We have found this model (the “Three P Model”) to be useful for a variety of reasons. It should also be noted that the order is intentional.     Why people come first   First, the most important asset in your organization is your people. Your organization is not a living, breathing object capable of action on its own. Rather, your organization is a collection of people who have come together for a common purpose. The only way for your organization to actually do something is for a person, or a group of people, to take an action. Thus, it’s axiomatic that without your people, nothing happens. Thus, your people should be your first priority.   If you want 2017 to be better than 2016, you need your people to perform better than they did last year. And, for many organizations, labor is their largest expense item. So, everyone, including the buttoned-up finance department, has an interest in ensuring that your organization’s people are operating at peak efficiency and that your employee experience has been designed to get the very best results from your talent.     It’s a leadership job   Ways to improve your people include everything from providing development opportunities to attracting the right candidates to join your cause. It also includes leaders who take the time to align their vision with what they expect from those who will put that vision into place. The task of building the right EX is critical, and cannot be handed off to an HR function that has been relegated to the basement in the company’s headquarters. An organization’s employee experience is primarily the C-suite’s responsibility. A division’s employee experience belongs to the division leader. This concept is repeated all the way to the team leader who is the steward over her team’s employee experience. The HR department is there to support and provide counsel along the way, but as a resource and not as the function primarily in charge of the organization’s EX.     Employee experience = Customer experience   The second component in the Three P Model is your product (or whatever good or service you sell in the marketplace). Some might question why this item has been listed second as opposed to first in our methodology. This argument makes some sense, right? If your product is substandard, it doesn’t matter how well your people are functioning. Wrong! Our database of over 24 million employee survey responses suggests two key principles that run counter to this conventional wisdom.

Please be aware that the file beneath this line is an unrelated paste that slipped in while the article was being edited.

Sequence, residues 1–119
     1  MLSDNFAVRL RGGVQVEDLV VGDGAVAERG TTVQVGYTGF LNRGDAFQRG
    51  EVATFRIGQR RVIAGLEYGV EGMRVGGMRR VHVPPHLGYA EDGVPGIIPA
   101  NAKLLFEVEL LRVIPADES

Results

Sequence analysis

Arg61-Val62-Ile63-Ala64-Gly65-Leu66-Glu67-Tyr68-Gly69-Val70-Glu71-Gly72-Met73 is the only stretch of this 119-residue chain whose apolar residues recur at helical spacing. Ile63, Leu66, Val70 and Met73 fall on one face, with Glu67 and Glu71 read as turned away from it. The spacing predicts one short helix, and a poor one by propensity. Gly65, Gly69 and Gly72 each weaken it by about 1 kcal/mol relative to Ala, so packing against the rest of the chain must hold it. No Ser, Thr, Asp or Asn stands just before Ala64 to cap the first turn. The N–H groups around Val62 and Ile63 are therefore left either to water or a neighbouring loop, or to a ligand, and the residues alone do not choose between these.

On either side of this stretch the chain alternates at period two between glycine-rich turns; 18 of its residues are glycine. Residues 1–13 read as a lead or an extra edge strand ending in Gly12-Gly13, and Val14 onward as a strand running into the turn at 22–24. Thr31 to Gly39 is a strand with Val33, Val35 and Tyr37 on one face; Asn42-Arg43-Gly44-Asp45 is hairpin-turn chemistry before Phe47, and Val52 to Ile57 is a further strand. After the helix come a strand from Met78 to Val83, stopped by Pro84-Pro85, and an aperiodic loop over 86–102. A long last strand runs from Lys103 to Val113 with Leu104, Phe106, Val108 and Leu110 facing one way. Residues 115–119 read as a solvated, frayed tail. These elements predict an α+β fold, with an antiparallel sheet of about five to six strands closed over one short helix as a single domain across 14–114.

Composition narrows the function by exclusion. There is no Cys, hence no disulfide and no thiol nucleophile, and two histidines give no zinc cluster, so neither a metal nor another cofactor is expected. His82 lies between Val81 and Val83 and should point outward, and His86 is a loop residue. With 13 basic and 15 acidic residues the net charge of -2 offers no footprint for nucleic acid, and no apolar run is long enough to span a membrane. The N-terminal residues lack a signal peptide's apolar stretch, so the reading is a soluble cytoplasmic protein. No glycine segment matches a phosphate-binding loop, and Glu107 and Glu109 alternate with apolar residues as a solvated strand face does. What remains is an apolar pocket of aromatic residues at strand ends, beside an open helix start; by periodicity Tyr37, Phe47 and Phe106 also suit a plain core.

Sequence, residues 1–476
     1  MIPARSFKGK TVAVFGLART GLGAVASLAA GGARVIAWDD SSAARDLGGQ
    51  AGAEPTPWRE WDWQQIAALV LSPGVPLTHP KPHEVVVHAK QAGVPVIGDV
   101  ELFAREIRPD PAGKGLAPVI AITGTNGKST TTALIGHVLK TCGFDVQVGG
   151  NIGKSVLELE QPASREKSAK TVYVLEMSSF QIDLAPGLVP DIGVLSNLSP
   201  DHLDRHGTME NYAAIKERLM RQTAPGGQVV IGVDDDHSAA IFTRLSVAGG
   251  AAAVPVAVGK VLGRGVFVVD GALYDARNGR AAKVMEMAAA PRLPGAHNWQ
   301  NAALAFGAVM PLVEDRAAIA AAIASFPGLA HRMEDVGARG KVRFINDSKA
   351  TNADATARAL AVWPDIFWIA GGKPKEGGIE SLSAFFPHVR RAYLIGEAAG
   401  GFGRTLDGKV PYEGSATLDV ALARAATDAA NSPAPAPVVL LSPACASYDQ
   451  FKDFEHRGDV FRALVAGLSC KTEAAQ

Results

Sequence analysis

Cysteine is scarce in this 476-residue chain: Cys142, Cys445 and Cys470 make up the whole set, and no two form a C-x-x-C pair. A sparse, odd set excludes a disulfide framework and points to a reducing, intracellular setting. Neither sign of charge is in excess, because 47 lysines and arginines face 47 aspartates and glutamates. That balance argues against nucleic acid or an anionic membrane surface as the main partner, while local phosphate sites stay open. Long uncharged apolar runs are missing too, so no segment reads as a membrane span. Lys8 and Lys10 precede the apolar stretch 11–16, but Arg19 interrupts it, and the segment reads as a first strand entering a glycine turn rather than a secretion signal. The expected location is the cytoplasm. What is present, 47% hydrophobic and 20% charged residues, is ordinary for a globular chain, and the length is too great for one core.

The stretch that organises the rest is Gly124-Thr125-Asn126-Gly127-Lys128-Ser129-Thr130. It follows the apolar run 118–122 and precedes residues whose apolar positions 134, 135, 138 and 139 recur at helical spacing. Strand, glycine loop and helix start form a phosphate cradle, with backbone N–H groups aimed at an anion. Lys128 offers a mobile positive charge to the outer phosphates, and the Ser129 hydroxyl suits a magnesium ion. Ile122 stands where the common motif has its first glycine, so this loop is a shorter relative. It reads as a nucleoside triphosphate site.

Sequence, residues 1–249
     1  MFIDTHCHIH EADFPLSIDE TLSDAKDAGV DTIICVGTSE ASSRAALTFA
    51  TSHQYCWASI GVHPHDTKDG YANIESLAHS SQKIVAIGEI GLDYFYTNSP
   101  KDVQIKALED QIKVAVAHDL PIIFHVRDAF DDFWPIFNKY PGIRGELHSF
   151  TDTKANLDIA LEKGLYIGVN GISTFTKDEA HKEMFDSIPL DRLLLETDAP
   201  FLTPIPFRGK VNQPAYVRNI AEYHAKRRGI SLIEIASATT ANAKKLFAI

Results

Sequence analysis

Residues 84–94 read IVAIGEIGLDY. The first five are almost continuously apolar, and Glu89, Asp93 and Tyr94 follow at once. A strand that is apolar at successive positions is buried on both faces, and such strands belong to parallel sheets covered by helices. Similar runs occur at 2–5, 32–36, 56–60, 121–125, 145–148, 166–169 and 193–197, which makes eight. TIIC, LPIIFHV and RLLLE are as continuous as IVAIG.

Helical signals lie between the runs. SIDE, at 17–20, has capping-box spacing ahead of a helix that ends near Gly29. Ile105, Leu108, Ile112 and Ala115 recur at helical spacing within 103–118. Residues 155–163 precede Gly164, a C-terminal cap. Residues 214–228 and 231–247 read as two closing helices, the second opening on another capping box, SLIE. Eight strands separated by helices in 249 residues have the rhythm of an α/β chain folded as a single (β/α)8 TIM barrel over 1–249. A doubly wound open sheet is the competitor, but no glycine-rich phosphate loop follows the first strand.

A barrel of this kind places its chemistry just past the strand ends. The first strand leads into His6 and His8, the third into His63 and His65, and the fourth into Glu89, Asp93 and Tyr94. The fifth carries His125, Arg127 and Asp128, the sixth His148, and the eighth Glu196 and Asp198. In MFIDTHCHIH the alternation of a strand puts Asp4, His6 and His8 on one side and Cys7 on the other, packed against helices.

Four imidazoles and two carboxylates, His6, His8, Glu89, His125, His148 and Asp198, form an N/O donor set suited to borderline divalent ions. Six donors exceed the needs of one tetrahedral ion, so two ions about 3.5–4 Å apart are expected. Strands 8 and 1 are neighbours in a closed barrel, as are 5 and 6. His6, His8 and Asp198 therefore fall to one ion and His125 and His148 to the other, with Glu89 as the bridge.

• First,the data suggests that you build a world-class customer experience by creating a stellar employee experience. Stated differently, your customer’s experience is directly related to how well your employee experience is working. We are so firm in our view on this issue that we have called it a law – the Law of Congruent Experience.